When temperatures drop and the days get short, black-capped chickadees have little time to find enough food when their energy demand is high and days are short. Fortunately, these charming little birds with their cheery calls have a number of adaptations that help them through the long, chilly nights of winter.
Unlike many birds they forage among the twigs not only upright, but also upside down. Even tiny insect eggs hiding in a crack on the underside of a branch are not safe from the chickadee’s sharp eyesight and probing bill. Chickadees also feed readily at birdfeeders where they test each sunflower seed to see which are the plumpest. Empty shells are discarded before they are opened so the bird can maximize the number of calories consumed with the fewest expended.
They also have two techniques to conserve calories on cold winter nights. First, they seek a sheltered roost. Roosts in dense pine boughs not only exclude predators, but are slightly warmer than the air temperature. Second, once settled for the night, their body temperature slowly drops from their normal 108 degrees to just 86 degrees. This reduces the number of calories needed to survive the cold night.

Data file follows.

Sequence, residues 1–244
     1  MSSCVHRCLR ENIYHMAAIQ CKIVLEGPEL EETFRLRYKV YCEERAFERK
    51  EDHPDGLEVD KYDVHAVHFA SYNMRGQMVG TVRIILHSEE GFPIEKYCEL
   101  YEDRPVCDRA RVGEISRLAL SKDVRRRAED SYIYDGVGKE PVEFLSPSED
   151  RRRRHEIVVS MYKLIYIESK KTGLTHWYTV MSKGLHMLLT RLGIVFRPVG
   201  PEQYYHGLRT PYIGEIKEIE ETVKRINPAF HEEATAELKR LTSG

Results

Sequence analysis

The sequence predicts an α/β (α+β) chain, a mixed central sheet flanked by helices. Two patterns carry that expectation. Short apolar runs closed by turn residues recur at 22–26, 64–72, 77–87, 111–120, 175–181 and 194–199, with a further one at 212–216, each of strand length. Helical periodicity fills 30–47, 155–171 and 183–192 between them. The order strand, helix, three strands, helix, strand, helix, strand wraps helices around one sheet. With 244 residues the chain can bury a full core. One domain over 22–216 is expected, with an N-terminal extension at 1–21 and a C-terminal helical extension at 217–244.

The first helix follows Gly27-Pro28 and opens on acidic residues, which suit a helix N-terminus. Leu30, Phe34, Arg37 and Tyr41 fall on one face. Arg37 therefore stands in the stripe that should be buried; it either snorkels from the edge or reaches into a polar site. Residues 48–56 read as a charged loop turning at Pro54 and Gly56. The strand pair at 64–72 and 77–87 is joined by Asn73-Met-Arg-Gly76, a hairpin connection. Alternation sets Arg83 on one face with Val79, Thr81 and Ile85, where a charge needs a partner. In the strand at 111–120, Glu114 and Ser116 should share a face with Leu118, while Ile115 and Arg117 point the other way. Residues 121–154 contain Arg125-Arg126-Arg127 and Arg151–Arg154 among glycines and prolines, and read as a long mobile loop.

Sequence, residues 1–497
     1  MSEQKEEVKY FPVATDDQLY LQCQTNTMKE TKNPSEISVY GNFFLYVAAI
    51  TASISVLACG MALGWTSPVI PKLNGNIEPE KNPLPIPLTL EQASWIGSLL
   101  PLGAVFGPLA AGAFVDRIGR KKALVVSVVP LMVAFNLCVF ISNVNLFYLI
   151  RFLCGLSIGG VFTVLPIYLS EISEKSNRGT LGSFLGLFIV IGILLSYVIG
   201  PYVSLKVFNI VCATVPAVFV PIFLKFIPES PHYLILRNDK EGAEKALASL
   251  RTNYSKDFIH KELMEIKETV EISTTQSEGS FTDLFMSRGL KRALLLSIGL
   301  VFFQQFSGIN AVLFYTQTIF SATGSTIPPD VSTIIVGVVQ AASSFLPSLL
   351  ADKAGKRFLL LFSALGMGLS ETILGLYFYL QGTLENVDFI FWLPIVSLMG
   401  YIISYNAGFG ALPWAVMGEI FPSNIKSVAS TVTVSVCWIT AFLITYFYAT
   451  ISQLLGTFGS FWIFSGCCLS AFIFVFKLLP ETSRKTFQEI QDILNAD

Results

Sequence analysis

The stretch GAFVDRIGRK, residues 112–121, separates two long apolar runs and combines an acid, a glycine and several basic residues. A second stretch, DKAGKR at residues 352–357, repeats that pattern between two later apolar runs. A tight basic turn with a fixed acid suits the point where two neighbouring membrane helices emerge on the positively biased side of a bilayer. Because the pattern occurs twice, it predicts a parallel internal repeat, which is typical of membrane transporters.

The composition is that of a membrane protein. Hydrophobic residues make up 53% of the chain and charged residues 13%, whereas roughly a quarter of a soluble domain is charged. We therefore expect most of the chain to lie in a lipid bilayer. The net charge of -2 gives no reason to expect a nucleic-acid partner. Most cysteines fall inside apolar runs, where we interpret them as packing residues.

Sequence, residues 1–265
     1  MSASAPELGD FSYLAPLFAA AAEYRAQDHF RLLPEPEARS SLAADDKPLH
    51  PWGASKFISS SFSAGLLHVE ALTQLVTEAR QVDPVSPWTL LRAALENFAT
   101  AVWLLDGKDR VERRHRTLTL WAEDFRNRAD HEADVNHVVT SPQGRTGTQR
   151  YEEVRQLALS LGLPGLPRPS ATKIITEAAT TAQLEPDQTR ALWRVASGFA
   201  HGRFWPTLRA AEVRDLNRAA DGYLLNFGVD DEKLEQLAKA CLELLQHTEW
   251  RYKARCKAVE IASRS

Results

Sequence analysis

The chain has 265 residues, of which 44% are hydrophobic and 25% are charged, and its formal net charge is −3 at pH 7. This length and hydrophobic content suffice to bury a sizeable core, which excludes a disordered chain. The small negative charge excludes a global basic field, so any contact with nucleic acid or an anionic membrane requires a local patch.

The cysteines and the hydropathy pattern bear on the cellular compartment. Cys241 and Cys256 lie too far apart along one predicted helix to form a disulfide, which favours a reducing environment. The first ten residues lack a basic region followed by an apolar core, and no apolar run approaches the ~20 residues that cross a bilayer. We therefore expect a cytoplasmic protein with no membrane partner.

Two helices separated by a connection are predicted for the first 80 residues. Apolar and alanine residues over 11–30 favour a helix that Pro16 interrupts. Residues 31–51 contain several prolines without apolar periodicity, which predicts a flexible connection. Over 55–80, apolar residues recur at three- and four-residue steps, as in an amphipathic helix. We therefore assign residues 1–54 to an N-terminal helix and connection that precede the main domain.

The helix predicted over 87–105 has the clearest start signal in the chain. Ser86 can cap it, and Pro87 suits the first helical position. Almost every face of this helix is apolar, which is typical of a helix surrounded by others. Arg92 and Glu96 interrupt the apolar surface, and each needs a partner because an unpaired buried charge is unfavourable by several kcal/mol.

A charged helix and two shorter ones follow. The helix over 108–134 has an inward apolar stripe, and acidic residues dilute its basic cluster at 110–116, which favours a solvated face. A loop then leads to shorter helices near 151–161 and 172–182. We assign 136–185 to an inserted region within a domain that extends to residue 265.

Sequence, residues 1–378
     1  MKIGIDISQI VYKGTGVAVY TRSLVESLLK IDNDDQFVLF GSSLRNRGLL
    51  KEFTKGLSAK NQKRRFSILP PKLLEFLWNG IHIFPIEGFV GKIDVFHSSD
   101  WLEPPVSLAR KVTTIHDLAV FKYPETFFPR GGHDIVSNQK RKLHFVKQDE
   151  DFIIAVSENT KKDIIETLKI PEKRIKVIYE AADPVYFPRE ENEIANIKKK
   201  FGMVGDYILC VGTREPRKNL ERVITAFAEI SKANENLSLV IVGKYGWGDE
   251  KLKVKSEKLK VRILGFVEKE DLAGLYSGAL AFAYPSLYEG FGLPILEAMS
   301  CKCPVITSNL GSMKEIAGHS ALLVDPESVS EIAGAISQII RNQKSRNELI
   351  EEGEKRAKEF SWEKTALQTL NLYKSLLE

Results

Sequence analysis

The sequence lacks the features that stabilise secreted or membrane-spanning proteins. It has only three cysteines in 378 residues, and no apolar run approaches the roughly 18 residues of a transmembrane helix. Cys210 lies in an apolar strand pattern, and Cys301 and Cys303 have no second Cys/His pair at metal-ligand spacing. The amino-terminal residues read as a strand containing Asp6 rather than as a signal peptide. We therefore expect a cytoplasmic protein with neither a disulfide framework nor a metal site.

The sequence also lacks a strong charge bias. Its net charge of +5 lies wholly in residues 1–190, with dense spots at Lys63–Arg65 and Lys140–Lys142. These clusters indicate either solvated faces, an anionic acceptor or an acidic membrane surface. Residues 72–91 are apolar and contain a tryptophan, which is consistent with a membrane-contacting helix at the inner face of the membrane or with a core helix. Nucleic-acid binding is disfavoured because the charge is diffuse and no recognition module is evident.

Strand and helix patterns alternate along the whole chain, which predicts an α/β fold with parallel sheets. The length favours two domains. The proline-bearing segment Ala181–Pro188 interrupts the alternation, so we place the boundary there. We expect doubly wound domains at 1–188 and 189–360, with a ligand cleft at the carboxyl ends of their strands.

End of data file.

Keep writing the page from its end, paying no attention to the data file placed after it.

Chickadees have numerous calls. For instance, contact calls keep small flocks together while alarm calls signal the approach of predators. Most interesting is that within these calls are enough variations that individuals can identify members of their own flock from those of other flocks.
Chickadees eat mostly insects and caterpillars in summer; seeds and insect eggs in winter.
Chickadees are among the easiest birds to feed by hand and love chopped walnuts.
Black-capped Chickadee (Paru atricapillus)
Key ID Features: Sparrow-sized. White cheek patches, black cap and throat. Gray above, light below. Both genders similar.
Present in Park: Year round.
Habitat: Forests and open woodlands. Nests in holes or bird houses.
Did You Know?
The Mississippi River is approximately three feet deep at its headwaters at Lake Itasca and has an average surface speed of 1.2 miles per hour.